Campus News

Record enrollments continue at UB

An orientation leader waves a UB flag during a Welcome Weekend event.

An orientation leader waves a UB flag as incoming students gather in UB Stadium on Aug. 24 to form the human interlocking UB, a tradition of Welcome Weekend. UB projects a record freshman enrollment of 4,166 this year. Photo: Douglas Levere


Published September 13, 2018

headshot of Lee Melvin.
“The interest in attending UB has never been higher in the history of the institution.”
Lee Melvin, vice provost for enrollment management

For the third consecutive year, UB is enrolling a record-breaking freshman class and also expects to set records for undergraduate enrollment and total enrollment as well. 

“The interest in attending UB has never been higher in the history of the institution,” says Lee Melvin, vice provost for enrollment management. “This is an exciting time at UB. Our academic units continue to introduce exciting educational opportunities piquing interest from applicants in New York State, throughout the U.S. and around the world.”

The university projects a freshman enrollment of 4,166, a total undergraduate enrollment of 20,071 and graduate student enrollment of 9,503, the highest in three years. UB’s total enrollment is estimated at 31,546, which includes enrollment in UB programs in Singapore and India, which are also experiencing increases. Final enrollment figures for the university will be reported at the end of the month.

With the record enrollments, UB continues to enroll a highly qualified, academically talented and diverse freshman class each year. The average SAT score for incoming freshman is 1,241, up 12 points over last year. The average high school GPA is 91.8.

Melvin says the university is very close to achieving its strategic enrollment goal, outlined by President Satish K. Tripathi in 2015, to grow the university’s total enrollment by 2,000 students.

Supported by a comprehensive brand strategy that emphasizes the unique experiences of attending the university, UB continues to receive more applications for admission than at any point in its history. This year, the university received more than 31,000 applications for freshman admission, a 10 percent increase from the previous year.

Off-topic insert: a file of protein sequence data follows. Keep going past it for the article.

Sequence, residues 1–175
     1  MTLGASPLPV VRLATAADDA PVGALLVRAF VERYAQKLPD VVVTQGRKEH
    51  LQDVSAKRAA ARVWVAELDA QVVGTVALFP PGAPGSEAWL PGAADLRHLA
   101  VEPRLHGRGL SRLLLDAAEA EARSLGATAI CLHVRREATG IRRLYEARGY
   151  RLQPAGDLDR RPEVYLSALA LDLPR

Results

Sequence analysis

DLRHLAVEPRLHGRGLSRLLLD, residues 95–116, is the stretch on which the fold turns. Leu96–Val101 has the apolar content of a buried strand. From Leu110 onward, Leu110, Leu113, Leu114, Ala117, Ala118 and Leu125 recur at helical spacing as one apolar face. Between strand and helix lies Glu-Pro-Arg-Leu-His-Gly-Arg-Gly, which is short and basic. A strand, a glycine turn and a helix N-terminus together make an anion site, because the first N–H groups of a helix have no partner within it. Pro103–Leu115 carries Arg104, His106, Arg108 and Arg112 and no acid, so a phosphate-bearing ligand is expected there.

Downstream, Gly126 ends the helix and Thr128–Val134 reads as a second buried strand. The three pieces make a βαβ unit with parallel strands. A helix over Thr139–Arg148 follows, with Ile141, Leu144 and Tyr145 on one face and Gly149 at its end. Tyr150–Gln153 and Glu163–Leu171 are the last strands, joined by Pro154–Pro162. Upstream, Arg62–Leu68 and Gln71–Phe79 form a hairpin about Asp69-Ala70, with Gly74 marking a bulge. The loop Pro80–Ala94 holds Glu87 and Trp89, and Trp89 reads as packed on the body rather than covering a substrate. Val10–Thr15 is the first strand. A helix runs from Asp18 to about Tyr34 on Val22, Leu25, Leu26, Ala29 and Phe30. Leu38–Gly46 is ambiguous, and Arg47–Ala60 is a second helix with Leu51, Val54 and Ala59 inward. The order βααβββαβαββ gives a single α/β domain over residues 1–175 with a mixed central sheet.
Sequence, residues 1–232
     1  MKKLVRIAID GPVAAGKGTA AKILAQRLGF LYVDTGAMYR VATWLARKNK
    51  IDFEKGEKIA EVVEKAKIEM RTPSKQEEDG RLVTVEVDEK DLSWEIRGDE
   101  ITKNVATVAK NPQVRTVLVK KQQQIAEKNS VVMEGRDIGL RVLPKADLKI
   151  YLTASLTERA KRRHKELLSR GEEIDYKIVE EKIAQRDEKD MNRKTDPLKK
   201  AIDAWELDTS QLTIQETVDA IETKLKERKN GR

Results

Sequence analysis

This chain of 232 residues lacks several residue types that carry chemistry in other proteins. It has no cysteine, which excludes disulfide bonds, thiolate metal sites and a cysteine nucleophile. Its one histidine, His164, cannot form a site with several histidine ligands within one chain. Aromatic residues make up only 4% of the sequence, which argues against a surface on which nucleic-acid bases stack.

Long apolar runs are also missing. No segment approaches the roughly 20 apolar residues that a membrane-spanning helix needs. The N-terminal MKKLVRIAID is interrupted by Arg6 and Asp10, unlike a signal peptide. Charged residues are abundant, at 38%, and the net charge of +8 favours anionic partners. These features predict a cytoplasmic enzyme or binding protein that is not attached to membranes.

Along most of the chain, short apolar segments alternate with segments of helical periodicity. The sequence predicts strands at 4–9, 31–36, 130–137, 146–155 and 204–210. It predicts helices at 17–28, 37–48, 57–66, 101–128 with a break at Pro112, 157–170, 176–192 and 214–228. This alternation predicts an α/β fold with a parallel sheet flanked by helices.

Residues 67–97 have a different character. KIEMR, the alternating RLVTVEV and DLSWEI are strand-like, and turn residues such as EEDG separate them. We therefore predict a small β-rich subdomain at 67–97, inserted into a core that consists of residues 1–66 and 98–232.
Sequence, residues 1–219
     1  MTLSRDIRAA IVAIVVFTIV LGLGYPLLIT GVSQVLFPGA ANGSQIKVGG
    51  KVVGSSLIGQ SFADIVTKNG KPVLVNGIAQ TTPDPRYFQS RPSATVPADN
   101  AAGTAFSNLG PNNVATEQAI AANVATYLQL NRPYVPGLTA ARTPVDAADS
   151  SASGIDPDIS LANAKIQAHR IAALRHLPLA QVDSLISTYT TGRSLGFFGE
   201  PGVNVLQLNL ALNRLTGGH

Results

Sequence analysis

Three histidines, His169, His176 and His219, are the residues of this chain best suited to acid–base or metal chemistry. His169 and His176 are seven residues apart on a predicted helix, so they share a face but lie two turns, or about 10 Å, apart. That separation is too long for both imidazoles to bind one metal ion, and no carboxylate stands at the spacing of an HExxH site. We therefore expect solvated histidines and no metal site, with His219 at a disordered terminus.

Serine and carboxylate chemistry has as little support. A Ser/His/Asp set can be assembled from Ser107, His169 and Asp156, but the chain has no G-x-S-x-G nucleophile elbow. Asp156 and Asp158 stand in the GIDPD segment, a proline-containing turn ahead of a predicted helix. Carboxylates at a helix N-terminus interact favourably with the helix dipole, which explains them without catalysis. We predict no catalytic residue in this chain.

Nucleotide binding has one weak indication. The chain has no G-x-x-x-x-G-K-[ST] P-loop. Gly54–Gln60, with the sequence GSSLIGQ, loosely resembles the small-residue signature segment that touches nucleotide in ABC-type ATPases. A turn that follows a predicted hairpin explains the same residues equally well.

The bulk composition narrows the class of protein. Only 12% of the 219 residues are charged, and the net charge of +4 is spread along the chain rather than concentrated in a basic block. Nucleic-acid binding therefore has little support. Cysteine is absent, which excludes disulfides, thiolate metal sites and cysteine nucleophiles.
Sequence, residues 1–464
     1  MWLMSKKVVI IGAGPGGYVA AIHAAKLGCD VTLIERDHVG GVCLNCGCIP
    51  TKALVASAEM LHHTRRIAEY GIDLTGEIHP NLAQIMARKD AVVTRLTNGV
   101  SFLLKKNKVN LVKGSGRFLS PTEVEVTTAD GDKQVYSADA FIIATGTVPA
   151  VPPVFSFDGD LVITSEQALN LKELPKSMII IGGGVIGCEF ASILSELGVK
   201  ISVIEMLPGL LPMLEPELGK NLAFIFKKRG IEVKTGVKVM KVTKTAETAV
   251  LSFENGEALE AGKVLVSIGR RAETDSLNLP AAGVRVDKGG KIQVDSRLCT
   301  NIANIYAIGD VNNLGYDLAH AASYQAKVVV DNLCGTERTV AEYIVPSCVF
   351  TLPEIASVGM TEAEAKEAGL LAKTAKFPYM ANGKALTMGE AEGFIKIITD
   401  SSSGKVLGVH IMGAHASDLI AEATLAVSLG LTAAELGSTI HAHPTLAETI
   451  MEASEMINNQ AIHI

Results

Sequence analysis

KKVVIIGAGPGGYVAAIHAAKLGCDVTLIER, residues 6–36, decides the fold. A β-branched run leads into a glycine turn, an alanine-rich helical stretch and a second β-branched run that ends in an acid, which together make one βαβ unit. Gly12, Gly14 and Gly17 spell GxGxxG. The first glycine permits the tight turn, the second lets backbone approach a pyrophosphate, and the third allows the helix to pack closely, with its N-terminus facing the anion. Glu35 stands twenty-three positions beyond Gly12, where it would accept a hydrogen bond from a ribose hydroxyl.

Over the past three years, UB has enhanced its admissions process by shifting to a holistic review that focuses on students’ individual talents and potential for academic success — taking into account much more than a student’s test scores, Melvin says. UB also has increased significantly the number of student recruitment events it holds both on and off campus. It measures the effectiveness of these events, which have attracted record numbers of students to open houses.

The result: an increasingly diverse, ambitious and intellectually curious student body.

UB also continues to rise in rankings of the nation’s best major research universities. For the second successive year, UB achieved an all-time high ranking in the U.S. News & World Report “Best Colleges” issue, released this week.

UB is rated among the “top 50” public universities in the nation for the fifth straight year, improving three spots to No. 38. The university also achieved its highest rating ever among the best national universities in the country — public and private — at No. 89, up eight places from last year. Over the past 11 years, UB has risen 32 spots in the rankings.  

Additional information about UB’s projected 2018 enrollment:

  • International students or students of color make up approximately 46 percent of the incoming freshman class.
  • Transfer student enrollment is projected to be the highest in three years at 1,735 students.
  • The number of underrepresented minority students who transferred to UB increased by 21 percent to 366 students.
  • UB enrolled 5 percent more female students to its freshman class compared to the previous year.
  • Enrollment of new graduate students this fall increased by 13 percent to 3,221.

Enrollment in UB programs at the Singapore Institute of Management (SIM) increased by nearly 100 to 1,545 students.